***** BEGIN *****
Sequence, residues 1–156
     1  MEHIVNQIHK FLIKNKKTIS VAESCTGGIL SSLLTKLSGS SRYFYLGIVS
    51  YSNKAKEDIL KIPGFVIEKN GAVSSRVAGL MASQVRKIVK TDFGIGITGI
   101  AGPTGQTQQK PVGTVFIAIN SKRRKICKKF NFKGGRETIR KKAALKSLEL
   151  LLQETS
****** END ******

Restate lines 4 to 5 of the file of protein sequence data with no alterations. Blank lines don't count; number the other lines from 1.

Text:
   101  AGPTGQTQQK PVGTVFIAIN SKRRKICKKF NFKGGRETIR KKAALKSLEL
   151  LLQETS